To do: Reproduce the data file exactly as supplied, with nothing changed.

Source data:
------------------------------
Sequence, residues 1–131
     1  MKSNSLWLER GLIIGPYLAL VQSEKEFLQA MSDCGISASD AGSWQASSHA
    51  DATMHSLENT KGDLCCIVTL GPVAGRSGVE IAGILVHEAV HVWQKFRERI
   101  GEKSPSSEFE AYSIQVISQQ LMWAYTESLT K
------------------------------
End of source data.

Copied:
Sequence, residues 1–131
     1  MKSNSLWLER GLIIGPYLAL VQSEKEFLQA MSDCGISASD AGSWQASSHA
    51  DATMHSLENT KGDLCCIVTL GPVAGRSGVE IAGILVHEAV HVWQKFRERI
   101  GEKSPSSEFE AYSIQVISQQ LMWAYTESLT K